Vast and expansive, the Pacific Ocean is the largest and deepest ocean on the planet — spanning almost one third of the globe. For Islanders who live in the region, the ocean is a deeply interconnected highway — one that links and joins communities, rather than separates them — binding them into the vital networks of exchange and encounter that are a hallmark of the region.
The Shape of Time: Art and Ancestors of Oceania from The Metropolitan Museum of Art presents compelling artworks created by descendants of the early Austronesian voyagers who settled this last region of the globe in waves of migrations that began 3,500-5,000 years ago. Like the canoes that conveyed Islanders to new homelands, the arts of Oceania are also vessels: a means to acquire knowledge or stage journeys into other realms. Their assembly can reorganise time, blending and fusing the 'now' together with the 'past' and 'future'. Ancestor figures, woven textiles, masks and shields — these varied and remarkable vessels serve as a focal point for ceremonies and rituals that guide important transitions across literal and spiritual borders.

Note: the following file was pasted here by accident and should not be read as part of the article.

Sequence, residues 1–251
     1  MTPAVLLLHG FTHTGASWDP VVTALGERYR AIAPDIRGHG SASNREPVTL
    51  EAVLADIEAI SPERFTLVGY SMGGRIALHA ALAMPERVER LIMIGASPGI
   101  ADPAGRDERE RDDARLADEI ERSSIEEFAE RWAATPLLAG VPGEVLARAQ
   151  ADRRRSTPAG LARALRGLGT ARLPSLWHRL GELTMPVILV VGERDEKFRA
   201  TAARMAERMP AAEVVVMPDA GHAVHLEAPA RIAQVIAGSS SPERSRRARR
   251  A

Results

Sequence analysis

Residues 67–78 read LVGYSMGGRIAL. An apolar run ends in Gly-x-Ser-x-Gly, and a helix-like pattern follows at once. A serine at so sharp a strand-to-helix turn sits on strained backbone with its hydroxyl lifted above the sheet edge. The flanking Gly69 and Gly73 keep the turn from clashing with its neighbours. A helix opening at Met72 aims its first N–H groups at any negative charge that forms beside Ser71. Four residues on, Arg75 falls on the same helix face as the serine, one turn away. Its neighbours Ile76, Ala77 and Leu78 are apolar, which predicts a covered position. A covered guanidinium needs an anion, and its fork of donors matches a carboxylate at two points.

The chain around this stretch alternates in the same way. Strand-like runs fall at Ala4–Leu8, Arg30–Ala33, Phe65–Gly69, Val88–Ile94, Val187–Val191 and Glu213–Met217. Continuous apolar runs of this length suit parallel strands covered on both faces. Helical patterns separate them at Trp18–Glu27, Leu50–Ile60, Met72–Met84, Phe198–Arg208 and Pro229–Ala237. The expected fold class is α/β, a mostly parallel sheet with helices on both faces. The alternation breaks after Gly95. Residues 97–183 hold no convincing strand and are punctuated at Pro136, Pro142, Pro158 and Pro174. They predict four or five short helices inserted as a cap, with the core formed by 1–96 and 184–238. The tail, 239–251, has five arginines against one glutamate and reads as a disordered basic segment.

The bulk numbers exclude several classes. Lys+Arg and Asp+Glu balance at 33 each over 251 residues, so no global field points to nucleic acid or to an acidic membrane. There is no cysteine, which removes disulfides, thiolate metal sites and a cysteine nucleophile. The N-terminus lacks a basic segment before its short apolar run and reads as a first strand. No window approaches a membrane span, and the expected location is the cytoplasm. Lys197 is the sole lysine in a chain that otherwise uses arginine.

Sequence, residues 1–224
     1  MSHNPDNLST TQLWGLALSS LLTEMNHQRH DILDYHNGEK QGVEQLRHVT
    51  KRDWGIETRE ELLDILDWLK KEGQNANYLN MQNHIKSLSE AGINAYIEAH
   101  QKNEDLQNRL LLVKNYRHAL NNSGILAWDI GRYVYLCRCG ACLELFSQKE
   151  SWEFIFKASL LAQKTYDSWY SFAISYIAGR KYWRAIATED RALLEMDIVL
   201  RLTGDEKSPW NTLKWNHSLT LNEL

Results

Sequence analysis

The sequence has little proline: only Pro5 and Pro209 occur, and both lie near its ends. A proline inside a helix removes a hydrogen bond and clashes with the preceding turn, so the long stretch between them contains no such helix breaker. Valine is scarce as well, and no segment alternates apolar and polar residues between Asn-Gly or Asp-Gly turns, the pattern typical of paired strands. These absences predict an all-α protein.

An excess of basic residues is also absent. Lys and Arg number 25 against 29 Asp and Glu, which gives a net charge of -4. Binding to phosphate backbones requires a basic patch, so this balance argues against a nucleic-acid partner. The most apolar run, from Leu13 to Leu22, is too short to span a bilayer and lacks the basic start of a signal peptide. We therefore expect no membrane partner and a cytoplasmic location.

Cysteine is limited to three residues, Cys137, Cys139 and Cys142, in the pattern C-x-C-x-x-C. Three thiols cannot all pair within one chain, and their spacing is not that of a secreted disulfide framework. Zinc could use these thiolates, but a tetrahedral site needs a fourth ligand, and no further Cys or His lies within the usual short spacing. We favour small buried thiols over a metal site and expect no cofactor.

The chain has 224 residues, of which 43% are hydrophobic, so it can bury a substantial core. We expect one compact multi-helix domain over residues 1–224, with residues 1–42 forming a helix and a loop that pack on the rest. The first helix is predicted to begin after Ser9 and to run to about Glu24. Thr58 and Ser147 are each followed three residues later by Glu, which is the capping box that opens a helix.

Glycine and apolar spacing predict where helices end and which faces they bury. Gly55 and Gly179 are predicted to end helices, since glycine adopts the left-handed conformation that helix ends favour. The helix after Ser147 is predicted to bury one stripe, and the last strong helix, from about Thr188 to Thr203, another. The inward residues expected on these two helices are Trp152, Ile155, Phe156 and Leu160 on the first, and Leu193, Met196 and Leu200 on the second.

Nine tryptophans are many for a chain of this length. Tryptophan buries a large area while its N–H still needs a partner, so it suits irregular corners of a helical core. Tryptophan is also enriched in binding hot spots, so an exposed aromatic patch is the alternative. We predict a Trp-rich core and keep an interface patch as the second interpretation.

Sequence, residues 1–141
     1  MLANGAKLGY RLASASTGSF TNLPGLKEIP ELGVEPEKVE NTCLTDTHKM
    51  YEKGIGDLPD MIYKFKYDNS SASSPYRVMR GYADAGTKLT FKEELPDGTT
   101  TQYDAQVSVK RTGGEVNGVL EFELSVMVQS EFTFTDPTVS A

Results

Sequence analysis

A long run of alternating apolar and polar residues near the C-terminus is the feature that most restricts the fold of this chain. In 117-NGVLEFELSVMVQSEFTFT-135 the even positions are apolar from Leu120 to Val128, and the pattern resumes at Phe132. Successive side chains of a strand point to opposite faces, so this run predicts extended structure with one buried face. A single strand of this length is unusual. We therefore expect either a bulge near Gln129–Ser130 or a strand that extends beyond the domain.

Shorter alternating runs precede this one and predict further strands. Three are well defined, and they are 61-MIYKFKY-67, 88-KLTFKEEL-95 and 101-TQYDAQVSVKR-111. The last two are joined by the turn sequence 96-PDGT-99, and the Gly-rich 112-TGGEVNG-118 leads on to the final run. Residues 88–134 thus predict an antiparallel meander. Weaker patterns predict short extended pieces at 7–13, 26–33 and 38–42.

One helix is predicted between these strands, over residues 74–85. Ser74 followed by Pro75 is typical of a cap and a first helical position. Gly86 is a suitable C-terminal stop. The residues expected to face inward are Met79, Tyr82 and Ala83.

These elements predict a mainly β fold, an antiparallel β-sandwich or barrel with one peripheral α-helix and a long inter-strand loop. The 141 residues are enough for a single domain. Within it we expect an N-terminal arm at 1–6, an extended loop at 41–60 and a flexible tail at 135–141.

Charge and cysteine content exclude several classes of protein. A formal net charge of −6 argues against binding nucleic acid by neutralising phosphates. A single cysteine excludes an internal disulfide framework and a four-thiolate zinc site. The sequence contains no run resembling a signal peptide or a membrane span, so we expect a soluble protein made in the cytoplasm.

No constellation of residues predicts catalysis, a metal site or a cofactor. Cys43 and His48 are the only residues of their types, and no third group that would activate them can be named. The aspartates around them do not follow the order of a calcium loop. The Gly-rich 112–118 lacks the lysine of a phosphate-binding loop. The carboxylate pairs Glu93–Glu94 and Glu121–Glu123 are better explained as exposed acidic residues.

All the works in the exhibition were created by generations of artists working within the past four centuries and up to the present day. Bound by common ancestry, their spectacular creations in wood, bark, fibre, shell and bone tell a multitude of stories relating to origins, ancestral power, ceremonial knowledge and performance. The exhibition is organised according to island groups in a suite of galleries that explore ideas about voyaging, ancestral connections, and Indigenous temporalities, offering us not only a bridge into the past but a glimpse of ongoing manifestations of agency in the present.